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MS Insignia Makes Port in Mombasa Despite Rough Seas and Rerouted Itinerary

MS Insignia Makes Port in Mombasa Despite Rough Seas and Rerouted Itinerary

MS Insignia Makes Port in Mombasa Despite Rough Seas and Rerouted Itinerary

The MS Insignia, a cruise ship carrying hundreds of passengers, arrived safely at the Port of Mombasa in Kenya after a challenging journey. Let’s dive into the details of their arrival and the impact it has on Kenyan tourism.

Change of Plans: Originally, the MS Insignia, with 357 passengers and 396 crew members, planned to sail through the Suez Canal. However, due to security concerns in the Red Sea, their itinerary was rerouted in February. This meant a longer journey around Africa’s southern tip, the Cape of Good Hope, instead.

Adapting to the New Course: The rerouting wasn’t ideal. The ship’s capacity is 608 passengers, but some opted to disembark in Dubai upon learning about the change. Captain Laurence Badasse explained, “We offered some guests the chance to go home if they weren’t comfortable with the new itinerary.”

Braving the Storm: The journey wasn’t smooth sailing either. The Indian Ocean wasn’t kind, with two rough days at sea due to Tropical Cyclone Ialy, which fortunately remained offshore. “We braved the storm that passed between Madagascar and Kenya,” said Captain Badasse. “We’re happy we made it safely.”

Kenya Welcomes Cruise Tourism Back: The arrival of the MS Insignia is a positive sign for Kenya’s tourism industry, which was heavily impacted by the COVID-19 pandemic. Kenya Tourism Board CEO June Chepkemei expressed their delight at the rebound.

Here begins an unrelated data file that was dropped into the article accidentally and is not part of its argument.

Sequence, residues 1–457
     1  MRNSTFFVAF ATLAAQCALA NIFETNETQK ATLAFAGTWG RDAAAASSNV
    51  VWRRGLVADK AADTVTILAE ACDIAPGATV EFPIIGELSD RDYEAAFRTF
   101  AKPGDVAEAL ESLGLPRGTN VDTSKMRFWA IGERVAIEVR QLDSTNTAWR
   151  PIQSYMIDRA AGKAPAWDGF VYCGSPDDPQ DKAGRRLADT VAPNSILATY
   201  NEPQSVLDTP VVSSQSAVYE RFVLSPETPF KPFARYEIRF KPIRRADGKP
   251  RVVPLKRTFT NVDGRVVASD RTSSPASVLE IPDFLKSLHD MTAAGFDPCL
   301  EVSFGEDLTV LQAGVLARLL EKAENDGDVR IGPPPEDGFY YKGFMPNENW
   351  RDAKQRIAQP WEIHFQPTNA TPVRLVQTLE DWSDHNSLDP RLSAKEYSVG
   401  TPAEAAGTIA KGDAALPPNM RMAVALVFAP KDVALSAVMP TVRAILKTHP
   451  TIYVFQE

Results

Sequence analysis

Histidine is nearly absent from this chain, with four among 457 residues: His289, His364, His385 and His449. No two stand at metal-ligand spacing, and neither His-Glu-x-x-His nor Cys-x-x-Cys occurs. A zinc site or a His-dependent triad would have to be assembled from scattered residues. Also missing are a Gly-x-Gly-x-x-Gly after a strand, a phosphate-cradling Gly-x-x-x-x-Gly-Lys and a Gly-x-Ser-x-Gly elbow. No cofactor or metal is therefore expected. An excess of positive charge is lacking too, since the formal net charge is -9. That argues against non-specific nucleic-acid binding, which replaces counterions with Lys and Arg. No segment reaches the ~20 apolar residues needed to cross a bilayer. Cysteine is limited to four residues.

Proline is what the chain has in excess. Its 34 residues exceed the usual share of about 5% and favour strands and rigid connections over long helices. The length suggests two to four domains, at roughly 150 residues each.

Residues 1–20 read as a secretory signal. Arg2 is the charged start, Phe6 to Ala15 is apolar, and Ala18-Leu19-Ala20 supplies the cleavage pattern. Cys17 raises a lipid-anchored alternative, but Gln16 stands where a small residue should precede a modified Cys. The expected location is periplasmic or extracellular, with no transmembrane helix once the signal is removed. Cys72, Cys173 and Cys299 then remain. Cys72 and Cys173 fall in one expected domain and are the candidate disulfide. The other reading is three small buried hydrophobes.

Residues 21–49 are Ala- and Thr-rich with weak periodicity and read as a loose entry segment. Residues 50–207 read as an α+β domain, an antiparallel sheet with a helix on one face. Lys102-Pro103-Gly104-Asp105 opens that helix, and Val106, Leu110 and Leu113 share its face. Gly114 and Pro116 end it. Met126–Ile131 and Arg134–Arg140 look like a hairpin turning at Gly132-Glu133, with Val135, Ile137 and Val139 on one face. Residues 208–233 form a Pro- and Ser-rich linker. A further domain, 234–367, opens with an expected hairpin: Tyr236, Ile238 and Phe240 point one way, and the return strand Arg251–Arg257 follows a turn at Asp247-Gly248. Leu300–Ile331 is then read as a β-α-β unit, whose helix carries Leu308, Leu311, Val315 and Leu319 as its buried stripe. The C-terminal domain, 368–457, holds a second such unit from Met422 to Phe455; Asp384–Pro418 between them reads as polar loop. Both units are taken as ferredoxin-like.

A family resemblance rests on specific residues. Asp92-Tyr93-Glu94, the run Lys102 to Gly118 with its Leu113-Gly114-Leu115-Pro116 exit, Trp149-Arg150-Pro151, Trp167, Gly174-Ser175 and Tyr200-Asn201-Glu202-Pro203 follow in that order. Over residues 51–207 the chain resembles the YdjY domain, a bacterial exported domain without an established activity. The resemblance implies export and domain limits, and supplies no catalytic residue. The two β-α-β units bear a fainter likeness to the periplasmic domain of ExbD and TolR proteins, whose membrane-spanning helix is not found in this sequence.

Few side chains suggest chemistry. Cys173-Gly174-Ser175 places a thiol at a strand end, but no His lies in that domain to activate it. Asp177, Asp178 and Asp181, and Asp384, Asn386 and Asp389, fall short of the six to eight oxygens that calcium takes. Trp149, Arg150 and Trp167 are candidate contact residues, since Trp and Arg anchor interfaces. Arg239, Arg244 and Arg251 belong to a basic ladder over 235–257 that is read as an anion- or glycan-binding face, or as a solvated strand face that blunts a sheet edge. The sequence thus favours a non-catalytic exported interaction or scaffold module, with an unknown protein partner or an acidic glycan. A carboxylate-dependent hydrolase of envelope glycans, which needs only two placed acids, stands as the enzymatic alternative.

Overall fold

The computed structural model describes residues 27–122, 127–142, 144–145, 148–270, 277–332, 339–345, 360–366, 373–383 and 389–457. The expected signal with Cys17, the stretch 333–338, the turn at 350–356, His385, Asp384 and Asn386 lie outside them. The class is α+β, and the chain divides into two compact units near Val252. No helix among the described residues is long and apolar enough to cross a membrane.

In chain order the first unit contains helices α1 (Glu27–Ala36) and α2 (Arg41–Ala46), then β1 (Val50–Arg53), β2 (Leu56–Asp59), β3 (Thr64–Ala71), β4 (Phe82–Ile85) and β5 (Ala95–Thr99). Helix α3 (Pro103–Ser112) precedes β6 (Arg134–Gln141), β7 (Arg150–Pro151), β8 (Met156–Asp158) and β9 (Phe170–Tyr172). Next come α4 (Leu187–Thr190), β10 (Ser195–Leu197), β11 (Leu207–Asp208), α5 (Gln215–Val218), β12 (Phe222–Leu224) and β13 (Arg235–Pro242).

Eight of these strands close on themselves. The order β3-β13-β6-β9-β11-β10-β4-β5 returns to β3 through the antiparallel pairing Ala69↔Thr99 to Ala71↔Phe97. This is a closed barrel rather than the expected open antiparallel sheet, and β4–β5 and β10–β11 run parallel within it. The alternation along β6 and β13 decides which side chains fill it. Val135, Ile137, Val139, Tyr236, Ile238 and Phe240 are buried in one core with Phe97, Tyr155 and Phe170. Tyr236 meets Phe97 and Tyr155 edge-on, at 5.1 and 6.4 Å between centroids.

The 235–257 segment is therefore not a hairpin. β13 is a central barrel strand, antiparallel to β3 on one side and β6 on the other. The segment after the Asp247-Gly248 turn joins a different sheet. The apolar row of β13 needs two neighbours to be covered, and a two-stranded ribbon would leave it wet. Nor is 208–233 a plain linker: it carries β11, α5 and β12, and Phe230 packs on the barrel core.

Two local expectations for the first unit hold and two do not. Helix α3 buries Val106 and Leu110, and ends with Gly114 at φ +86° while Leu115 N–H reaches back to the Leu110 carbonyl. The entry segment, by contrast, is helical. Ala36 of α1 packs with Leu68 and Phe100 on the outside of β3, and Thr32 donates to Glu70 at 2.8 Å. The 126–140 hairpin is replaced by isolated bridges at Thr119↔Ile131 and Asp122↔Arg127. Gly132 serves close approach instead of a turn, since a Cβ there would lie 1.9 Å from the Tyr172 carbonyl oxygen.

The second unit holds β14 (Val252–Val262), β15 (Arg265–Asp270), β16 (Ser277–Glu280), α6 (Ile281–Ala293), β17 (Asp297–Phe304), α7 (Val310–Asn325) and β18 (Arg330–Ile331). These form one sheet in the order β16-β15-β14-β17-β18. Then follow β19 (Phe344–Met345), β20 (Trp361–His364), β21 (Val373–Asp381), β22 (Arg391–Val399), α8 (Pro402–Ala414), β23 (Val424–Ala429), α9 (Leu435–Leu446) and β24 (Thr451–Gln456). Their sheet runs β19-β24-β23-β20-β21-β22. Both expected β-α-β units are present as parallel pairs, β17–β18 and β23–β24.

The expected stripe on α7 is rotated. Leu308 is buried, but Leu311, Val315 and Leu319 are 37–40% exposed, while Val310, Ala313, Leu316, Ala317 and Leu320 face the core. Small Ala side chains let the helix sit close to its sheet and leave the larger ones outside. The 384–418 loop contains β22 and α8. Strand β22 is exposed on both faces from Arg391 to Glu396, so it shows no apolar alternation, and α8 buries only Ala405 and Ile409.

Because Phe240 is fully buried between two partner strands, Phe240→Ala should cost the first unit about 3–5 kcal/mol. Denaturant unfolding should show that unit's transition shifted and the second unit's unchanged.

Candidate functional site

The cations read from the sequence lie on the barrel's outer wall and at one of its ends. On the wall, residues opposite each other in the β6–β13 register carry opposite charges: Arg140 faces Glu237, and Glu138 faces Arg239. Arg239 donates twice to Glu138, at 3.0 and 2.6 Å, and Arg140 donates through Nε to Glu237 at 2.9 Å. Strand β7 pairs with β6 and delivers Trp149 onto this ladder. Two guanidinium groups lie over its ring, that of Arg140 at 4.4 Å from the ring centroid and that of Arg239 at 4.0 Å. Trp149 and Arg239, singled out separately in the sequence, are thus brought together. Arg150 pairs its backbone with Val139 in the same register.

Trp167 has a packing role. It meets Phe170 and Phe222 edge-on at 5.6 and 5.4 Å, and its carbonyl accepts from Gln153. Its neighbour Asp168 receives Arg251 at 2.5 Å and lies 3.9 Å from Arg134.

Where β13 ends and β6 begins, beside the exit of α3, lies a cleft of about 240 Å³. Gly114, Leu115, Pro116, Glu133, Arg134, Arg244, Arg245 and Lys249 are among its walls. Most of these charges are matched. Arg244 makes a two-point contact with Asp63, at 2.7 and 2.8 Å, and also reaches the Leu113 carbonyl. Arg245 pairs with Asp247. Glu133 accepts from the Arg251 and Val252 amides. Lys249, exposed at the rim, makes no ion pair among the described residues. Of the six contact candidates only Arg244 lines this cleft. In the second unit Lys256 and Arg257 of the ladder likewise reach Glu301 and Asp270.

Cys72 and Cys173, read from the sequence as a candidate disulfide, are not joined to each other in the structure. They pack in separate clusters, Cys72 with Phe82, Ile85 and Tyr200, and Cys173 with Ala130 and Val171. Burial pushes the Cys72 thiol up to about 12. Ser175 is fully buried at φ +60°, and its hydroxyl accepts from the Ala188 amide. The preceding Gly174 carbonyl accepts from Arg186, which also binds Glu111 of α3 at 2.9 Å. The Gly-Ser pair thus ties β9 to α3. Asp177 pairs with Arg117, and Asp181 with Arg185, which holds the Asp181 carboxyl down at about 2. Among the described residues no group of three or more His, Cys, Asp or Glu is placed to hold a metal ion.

Rekindling Cruise Tourism: Chepkemei emphasized Kenya’s goal of becoming a hub for cruise tourism. They plan to collaborate with the Kenya Ports Authority (KPA) to achieve this, aiming to replicate the success of the year 2000, when over 19,000 cruise tourists visited the country.

Benefits for the Coastal Region: Chepkemei highlighted the importance of cruise tourism for Kenya’s coastal areas. “We’ll continue working with stakeholders to ensure the coast benefits,” she stated. She added that the tourists who arrived earlier had already enjoyed safaris, experienced Swahili culture, and embraced the “magical experience” of Kenya.

Port of Mombasa Gears Up: KPA Managing Director William Ruto echoed Chepkemei’s enthusiasm. He welcomed the return of cruise tourism and encouraged the MS Insignia company to consider making Mombasa their home port for longer stays on future visits.

Investment Opportunities: Ruto urged investors to tap into the potential of cruise tourism at the port, especially with the government’s recent investment in a new cruise terminal. He assured tourists of heightened security measures around the port and city of Mombasa.

Embracing the Unexpected: Despite the initial disappointment of the rerouted itinerary, passengers on board expressed their delight at being in Kenya. Peterson Friesen, a tourist from Canada, said, “We’re happy to be here. The last few days were rough, but we’re excited to see Mombasa’s beauty!”

A Positive Turnaround: Kyle Stewart, a passenger from the US, summed it up well: “It was unexpected, but delightful. I wouldn’t have had this opportunity otherwise.” The MS Insignia’s arrival in Mombasa signifies not just a successful docking, but a renewed hope for Kenya’s cruise tourism industry.

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